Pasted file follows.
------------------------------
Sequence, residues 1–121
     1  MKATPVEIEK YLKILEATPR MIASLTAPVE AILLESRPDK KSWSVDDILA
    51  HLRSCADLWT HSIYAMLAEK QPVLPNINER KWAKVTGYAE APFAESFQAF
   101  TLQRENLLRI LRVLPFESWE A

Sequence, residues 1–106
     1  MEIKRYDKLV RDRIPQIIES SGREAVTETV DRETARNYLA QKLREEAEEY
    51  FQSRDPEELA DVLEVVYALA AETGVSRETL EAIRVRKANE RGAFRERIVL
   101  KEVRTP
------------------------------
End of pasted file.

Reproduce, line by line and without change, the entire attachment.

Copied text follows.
Sequence, residues 1–121
     1  MKATPVEIEK YLKILEATPR MIASLTAPVE AILLESRPDK KSWSVDDILA
    51  HLRSCADLWT HSIYAMLAEK QPVLPNINER KWAKVTGYAE APFAESFQAF
   101  TLQRENLLRI LRVLPFESWE A

Sequence, residues 1–106
     1  MEIKRYDKLV RDRIPQIIES SGREAVTETV DRETARNYLA QKLREEAEEY
    51  FQSRDPEELA DVLEVVYALA AETGVSRETL EAIRVRKANE RGAFRERIVL
   101  KEVRTP